Two plates feature images clearly taken from the juxtaposition of Lecchi's photographs. A second edition, datable to the 1870s, was published in Rome by Danesi. The individual scenes, taken from Lecchi's photographs, are now set individually in a rich typographic frame, in a triumph of military emblems with the image of the She-wolf at the top and the corresponding caption at the bottom.
To the lithographer Ferrini is owed a series of lithographic plates, also published in 1849, on a yellow-orange colored backdrop, a choice derived from the need to cancel the sense of emptiness given by the white background of the paper. The plates bear the lithographer's name and the date «1849» on the lower left; in the center the indication of the subject and on the right the indication of the publisher «lit. Ferrini». Another lithographic version, edited by Ferrini and again derived from Lecchi's photographs, is made by Gallassi, probably after 1870, for the plates Rovine della guerra di Roma del 1849.
Also, in 1849, Ferrini publishes several lithographs by Gallassi in the Atlante generale dell’assedio di Roma by Cav. prof. Pompilio De Cuppis. It is interesting to note that the author, who described himself as a “former officer in the I-R. Austrian Army, a member of various Scientific Societies in France and Italy” , stated that his work constituted a topographical study. In such a framework the numerous «grafiche espressioni» [graphic expressions] that isolated could only provide “a picturesque Poliorama, a Souvenir of the damages caused by the siege war” , could be better contextualized to provide a more scientific presentation of the events.
De Cuppis's work constitutes a confirmation of the vast iconographic production that interest in the events in Rome had aroused. It is no coincidence that on September 22nd, 1849, in L’Album - giornale letterario e di belle arti, De Cuppis stated: “As soon as hostilities ceased, a large number of artists of all kinds went to the place of military operations in order to portray the perspective views of the various buildings that the action of the cannon had most bizarrely disrupted. Within a short time, a good number of drawings were exhibited at the principal foundations of fine arts in Rome, which with great resemblance to life depict now the ruins of a casino, now an open bastion in breach, now a smashed battery” .
In the depictions of the places where the combat had occurred, after the siege, the scenes, whether they were executed as drawings, lithographs, or paintings, become animated and populated by male and female passersby, men looking through telescopes or digging among or lying upon mounds of ruins. But the most interesting thing to note is that in many of the lithographs in the Ferrini and Gallassi series there is a depiction of a person (the draughtsman himself?), who with a nonchalant, detached manner, wanders smoking through the scene with his portfolio and parasol under his arm almost looking for the place to stop, open it and begin sketching his drawings.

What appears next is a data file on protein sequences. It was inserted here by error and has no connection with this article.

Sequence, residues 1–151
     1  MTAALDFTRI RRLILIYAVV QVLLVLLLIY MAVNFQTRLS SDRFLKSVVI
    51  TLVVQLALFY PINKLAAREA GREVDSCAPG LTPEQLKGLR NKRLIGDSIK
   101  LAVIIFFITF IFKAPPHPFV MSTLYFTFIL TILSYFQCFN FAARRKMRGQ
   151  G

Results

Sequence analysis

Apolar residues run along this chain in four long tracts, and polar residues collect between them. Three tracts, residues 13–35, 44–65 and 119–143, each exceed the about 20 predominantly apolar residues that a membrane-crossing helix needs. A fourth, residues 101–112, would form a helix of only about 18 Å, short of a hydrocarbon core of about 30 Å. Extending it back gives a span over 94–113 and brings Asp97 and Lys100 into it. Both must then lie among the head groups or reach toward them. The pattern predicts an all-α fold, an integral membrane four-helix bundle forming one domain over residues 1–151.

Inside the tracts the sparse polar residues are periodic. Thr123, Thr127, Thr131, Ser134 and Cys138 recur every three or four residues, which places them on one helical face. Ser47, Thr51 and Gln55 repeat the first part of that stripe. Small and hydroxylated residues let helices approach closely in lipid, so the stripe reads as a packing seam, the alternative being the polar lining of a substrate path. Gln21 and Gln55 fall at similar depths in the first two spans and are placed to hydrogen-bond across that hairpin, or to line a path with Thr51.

De Cuppis also specified that his Atlas, plausibly with all the images in it, had already been presented to the «Commessari di Stato» for authorization for printing. We can therefore propose a date ante quem for Lecchi’s photographs: the date of publication of the newspaper (September 22nd, 1849). Moreover, keeping in mind that the transposition to lithograph required a certain amount of time for production, probably Lecchi’s photographic campaign took place as early as July, or August at the latest, in 1849. This hypothesis is, for that matter, perfectly congruent with the date on the Cheney album: September 20th, 1849.
(Maria Pia Critelli)
 «già ufficiale del I.R. Armata Austriaca, membro di varie Società Scientifiche di Francia e d’Italia»
 «un Poliorama pittoresco, un Souvenir de’ guasti causati dalla guerra d’assedio»
 «Non appena cessarono le ostilità che un numeroso stuolo di artisti di ogni genere si recarono sul luogo delle operazioni militari onde ritrarre le vedute prospettiche dei vari edifizi che l’azione del cannone avea più bizzarramente sconquassato. In breve d’ora si videro esposti presso i principali fondaci di belle arti in Roma buon numero di disegni, i quali con molta somiglianza al vero rappresentano ora i ruderi di un casino, ora un bastione aperto in breccia, ora una batteria sfracellata»